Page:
Ventilating Your Home

During the summer months it’s easy to throw the windows open and let fresh air flood into your home. But once the outdoor temperatures start to drop, how do you weigh up the importance of ventilation versus heating costs?

 

Firstly, why is ventilation important? According to Allergy UK, there are around 9,000 deaths a year in the UK attributed to indoor air pollution which can be 2-10 times higher than outdoor air. Dust mites, cleaning products, building and furniture materials in the home can aggravate certain conditions so it is important to minimise the risks posed by poor indoor air quality.

 

Ventilation in the home will help flush out chemicals in the air and also reduce dampness which in turn helps reduce the presence of dust mites, one of the main allergens in the home. Getting rid of damp will benefit the fabric of your home as well as it’s occupants.

 

For this reason, kitchens and bathrooms almost always have a mechanical vent system; an extractor hood in the kitchen and extractor fans in bathrooms are the most common. As air is extracted, it causes negative pressure inside the house, drawing fresh air in through air bricks, trickle vents, open windows etc. Because of this it is important to keep vents open / unobstructed where possible.

 

The importance of weather tightness in homes is vital to keep them energy efficient and a well designed and built home will balance out the two. For example, a draughty house isn’t necessarily a well-ventilated house. Air may move from a damp area of house into a dry area and therefore do little to reduce humidity in the home. Because of this, it is important to make use of the ventilation you have.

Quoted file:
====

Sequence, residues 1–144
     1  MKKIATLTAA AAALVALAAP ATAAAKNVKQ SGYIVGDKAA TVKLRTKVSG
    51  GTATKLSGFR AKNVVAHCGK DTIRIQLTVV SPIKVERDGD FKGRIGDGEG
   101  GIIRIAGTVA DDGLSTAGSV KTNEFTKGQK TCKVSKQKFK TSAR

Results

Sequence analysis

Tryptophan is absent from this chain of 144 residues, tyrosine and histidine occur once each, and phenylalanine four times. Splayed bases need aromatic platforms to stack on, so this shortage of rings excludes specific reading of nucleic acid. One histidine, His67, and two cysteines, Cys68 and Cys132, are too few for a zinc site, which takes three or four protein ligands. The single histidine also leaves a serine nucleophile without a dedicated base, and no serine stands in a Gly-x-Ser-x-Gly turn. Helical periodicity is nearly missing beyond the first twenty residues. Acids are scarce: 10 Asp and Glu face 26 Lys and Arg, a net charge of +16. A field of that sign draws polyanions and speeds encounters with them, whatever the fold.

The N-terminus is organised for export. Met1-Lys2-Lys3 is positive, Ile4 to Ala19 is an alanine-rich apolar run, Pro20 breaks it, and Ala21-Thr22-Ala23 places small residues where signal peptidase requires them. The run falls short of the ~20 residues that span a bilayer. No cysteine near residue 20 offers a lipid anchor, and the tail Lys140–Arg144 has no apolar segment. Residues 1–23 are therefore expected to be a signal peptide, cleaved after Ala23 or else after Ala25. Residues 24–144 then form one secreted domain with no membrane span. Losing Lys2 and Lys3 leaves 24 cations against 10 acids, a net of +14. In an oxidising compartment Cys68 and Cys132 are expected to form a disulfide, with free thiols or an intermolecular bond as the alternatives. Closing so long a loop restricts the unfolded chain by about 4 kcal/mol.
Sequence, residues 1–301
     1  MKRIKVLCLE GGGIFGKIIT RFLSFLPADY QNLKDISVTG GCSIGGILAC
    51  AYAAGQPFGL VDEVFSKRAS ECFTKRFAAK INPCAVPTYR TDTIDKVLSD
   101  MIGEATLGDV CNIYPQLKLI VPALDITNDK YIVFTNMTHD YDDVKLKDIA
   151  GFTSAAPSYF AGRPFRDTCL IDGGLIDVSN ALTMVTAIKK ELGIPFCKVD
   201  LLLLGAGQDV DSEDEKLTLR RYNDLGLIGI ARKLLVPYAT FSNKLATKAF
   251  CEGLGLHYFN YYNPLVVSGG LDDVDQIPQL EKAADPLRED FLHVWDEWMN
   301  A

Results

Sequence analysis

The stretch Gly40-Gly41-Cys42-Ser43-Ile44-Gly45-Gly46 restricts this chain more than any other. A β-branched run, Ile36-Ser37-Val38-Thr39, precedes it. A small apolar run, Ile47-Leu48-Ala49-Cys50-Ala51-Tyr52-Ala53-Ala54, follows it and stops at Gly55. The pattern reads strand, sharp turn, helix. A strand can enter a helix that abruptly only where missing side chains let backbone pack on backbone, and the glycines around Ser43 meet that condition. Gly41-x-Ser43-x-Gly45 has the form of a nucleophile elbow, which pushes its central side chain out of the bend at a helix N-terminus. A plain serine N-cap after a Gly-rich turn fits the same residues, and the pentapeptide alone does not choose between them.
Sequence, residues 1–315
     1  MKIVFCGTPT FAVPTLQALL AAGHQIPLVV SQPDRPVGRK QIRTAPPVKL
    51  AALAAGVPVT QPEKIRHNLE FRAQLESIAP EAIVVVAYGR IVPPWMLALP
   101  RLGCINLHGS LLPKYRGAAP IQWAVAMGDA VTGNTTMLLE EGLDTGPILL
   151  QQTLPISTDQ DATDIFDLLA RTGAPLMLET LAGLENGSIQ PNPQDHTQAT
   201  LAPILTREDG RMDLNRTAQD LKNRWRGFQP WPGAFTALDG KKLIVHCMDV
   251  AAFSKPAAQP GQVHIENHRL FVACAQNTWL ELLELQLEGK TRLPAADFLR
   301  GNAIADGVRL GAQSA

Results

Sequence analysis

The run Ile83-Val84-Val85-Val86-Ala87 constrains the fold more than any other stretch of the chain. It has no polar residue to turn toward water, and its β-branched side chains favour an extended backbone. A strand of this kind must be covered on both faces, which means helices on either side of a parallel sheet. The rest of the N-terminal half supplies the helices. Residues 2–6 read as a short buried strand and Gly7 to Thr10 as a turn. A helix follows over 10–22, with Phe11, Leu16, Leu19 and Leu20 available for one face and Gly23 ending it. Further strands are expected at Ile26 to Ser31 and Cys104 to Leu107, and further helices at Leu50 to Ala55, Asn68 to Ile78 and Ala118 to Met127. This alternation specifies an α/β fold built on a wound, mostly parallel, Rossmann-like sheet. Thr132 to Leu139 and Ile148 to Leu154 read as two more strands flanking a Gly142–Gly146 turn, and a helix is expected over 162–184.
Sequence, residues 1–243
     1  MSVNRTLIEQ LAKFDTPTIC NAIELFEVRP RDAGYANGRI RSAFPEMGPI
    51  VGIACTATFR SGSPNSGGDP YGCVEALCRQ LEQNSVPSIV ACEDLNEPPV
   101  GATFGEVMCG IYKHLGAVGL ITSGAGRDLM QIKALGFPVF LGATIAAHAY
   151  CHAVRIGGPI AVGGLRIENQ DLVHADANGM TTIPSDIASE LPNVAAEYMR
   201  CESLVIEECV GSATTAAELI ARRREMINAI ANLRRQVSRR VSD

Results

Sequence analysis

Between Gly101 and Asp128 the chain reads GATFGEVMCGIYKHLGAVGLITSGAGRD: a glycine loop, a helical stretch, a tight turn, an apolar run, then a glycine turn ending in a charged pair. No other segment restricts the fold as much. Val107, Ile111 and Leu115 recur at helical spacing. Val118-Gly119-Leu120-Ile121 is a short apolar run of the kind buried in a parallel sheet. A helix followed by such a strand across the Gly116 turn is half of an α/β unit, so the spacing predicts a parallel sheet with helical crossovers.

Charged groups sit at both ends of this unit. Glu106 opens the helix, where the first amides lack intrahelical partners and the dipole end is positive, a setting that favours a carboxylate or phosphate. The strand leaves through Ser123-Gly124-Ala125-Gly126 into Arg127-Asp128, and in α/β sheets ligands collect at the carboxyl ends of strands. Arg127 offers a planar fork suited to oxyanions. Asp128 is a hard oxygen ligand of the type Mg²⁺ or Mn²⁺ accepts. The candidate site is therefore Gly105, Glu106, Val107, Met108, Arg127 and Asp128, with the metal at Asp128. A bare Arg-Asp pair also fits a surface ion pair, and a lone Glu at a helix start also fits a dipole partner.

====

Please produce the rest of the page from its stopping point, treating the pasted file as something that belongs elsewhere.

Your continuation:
Our rooflight ranges have the option for opening vents. On a flat rooflight a vent can be fitted within the rooflight or the whole rooflight can open. On a double hipped rooflight for example, you can have sections that open completely. These can be operated manually using a pole, or they can be motorized and even have sensors fitted to open and close automatically depending on the weather.

 

A good architect and builder will be able to ensure your building is balanced between being air tight and ventilated. Ventilation systems in your home will keep you comfortable and your building safe. Use bathroom fans and extractor hoods when needed, don’t block vents from air bricks and use trickle vents when it is comfortable to do so.

 

 

References

https://professional-electrician.com/features/airflow-good-ventilation/

https://www.allergyuk.org/information-and-advice/conditions-and-symptoms/320-improving-your-indoor-air-quality#download_access

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